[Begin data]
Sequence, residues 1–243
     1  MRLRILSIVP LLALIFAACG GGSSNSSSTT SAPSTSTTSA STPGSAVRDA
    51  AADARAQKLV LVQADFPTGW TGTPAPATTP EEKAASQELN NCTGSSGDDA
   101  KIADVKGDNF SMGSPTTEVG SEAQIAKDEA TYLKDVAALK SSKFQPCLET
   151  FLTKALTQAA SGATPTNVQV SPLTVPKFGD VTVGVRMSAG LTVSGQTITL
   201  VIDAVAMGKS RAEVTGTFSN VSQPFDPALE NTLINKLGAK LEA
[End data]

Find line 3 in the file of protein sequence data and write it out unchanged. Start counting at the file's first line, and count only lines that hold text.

    51  AADARAQKLV LVQADFPTGW TGTPAPATTP EEKAASQELN NCTGSSGDDA